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The HR Manager: Who Is Taking Care of the Children?

Addressing child care challenges is a win-win for Kentucky workers and employers

By Ashli Watts

If Kentucky is going to succeed in growing its workforce and helping employers fill the state’s 130,000 vacant jobs, we need an ambitious strategy focused on attracting skilled workers and removing barriers to work. A key component of that strategy should be expanding access to affordable, quality child care. While child care is a complex issue, addressing these challenges can have significant benefits for both working families and employers struggling to fill open positions.

The challenges that come with a lack of affordable and accessible child care are obvious to employers and any parent who has struggled to find safe, reliable care for their child. Simply put, if a parent is unable to find child care that fits their family’s needs, then they probably can’t work. Survey data shows us that families are forced to make decisions like this all the time, which limits their economic potential and makes hiring and retention even harder for employers.

A national survey of working parents and employers by the Bipartisan Policy Center in December 2022 found that almost four in 10 working parents with young children have quit a job due to child care responsibilities. One in three reports leaving the workforce altogether at some point because of child care and 56% say child care has factored into a decision on whether to accept a job.
Among Kentucky parents, 26% report quitting a job to stay home and provide care for their child, according to a recent survey by the Prichard Committee and United Way of Greater Cincinnati.
Addressing child care challenges should be a top priority for state policymakers, who will need to grapple with a major drop in federal funding in next year’s budget session. But employers should act as well and consider strategies to assist their workers with child care challenges.

Fortunately, a new program called the Employee Child Care Assistance Partnership can help with this. Through this program, employers can partner together with the Cabinet for Health and Family Services to assist working parents with the cost of quality child care. If the employer agrees to contribute towards an employee’s child care costs, the Cabinet can match the contribution on a dollar-for-dollar basis. Employers have an opportunity to double the size of an employee benefit, while working parents can reduce their out-of-pocket child care expenses.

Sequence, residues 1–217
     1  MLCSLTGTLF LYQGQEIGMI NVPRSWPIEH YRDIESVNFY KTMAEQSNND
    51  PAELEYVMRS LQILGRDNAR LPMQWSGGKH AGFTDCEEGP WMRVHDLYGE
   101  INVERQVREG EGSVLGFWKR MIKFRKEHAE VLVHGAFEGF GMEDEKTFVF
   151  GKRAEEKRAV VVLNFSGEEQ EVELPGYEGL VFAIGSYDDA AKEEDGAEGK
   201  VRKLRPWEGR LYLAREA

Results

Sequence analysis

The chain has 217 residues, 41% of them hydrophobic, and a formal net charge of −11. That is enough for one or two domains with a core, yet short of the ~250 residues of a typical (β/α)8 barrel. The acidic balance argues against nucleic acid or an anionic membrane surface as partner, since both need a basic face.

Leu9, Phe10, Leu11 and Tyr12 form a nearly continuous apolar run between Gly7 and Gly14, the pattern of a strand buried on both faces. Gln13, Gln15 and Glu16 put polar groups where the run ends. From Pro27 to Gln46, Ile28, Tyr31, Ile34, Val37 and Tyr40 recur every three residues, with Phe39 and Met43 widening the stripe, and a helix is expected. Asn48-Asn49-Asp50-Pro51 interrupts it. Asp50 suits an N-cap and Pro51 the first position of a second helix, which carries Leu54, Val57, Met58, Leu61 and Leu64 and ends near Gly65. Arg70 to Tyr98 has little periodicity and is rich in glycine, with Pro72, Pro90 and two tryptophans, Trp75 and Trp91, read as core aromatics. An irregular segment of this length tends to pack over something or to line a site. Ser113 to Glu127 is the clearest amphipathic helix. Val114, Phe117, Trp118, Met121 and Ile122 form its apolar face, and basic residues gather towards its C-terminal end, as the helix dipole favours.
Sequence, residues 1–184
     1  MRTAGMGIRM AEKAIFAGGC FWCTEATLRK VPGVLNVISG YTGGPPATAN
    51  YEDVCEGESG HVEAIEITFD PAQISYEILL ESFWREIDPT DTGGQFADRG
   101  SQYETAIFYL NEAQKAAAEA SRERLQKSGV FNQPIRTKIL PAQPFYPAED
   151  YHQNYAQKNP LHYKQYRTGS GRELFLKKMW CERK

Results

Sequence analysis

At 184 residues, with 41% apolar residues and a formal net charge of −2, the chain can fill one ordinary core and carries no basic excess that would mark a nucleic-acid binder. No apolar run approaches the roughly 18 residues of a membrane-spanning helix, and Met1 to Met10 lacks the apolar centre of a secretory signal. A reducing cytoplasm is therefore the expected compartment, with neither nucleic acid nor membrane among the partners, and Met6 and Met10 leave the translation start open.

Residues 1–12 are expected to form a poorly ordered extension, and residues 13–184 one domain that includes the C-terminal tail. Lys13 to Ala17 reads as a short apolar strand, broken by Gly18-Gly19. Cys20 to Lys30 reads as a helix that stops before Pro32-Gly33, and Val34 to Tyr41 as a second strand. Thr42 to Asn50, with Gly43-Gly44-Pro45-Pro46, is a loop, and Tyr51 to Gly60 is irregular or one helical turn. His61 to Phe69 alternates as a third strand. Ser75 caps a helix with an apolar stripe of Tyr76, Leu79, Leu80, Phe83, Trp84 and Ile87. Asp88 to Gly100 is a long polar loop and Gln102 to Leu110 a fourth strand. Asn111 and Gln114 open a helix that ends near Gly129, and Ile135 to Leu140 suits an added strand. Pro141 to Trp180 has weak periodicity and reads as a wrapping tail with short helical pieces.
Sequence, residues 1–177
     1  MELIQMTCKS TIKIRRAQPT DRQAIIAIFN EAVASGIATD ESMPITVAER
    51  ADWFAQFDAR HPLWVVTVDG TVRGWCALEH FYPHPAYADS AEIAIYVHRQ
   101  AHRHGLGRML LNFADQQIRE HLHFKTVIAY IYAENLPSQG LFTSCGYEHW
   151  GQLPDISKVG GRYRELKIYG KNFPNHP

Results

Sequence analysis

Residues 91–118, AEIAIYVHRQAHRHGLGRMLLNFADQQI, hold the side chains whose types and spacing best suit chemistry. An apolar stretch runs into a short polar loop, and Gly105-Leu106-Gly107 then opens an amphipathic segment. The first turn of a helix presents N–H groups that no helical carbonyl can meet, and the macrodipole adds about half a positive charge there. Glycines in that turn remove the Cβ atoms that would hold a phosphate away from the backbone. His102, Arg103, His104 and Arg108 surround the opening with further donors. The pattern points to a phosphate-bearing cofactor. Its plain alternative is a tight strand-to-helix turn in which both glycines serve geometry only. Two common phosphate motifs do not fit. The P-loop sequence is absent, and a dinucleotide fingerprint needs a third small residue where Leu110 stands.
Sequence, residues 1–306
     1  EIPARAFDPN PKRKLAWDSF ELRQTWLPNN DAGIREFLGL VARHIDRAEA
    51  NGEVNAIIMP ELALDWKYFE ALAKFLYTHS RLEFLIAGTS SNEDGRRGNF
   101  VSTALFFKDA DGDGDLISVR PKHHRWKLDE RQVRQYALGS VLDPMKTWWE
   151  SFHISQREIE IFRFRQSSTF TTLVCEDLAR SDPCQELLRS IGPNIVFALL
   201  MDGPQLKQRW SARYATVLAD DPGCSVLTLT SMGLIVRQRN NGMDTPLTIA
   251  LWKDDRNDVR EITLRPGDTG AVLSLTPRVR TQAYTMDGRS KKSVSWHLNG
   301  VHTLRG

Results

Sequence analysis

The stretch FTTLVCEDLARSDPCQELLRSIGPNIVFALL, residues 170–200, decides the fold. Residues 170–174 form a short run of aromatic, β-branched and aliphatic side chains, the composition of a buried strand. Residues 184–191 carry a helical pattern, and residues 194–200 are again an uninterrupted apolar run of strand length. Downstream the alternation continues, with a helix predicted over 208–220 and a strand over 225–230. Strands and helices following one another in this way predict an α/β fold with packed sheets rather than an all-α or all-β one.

While the Employee Child Care Assistance Partnership is especially targeted at small and mid-sized businesses, larger firms might consider federal incentive programs such as the Employer-Provided Child Care Tax Credit. This program can help offset the cost of providing on-site child care or contracting out child care services to a third-party provider.

Offering child care benefits can produce a strong return on investment for employers. The Bipartisan Policy Center survey from last December showed that 85% of working parents would find it helpful if their employer offered a benefit to help them pay for child care; 79% said on-site child care would be helpful; and 80% said assistance finding child care would be helpful.

However employers wish to get involved, the Kentucky Chamber has produced several resources to get started. Materials on the Employee Child Care Assistance Partnership as well as other resources designed for Kentucky employers can be found on the Chamber’s website (kychamber.com).

While we work with state policymakers to increase access to quality child care and early childhood education, Kentucky business leaders should know that there are resources available to empower their engagement in this key workforce issue and that the Chamber is here to support them.

Ashli Watts is president and CEO of the Kentucky Chamber.

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